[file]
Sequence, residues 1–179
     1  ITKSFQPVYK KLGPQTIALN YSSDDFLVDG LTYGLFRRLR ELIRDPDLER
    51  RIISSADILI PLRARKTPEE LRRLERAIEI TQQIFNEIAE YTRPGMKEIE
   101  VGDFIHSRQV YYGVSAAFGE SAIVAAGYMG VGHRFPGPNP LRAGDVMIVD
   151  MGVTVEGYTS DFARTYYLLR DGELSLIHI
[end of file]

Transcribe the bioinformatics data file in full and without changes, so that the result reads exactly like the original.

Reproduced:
Sequence, residues 1–179
     1  ITKSFQPVYK KLGPQTIALN YSSDDFLVDG LTYGLFRRLR ELIRDPDLER
    51  RIISSADILI PLRARKTPEE LRRLERAIEI TQQIFNEIAE YTRPGMKEIE
   101  VGDFIHSRQV YYGVSAAFGE SAIVAAGYMG VGHRFPGPNP LRAGDVMIVD
   151  MGVTVEGYTS DFARTYYLLR DGELSLIHI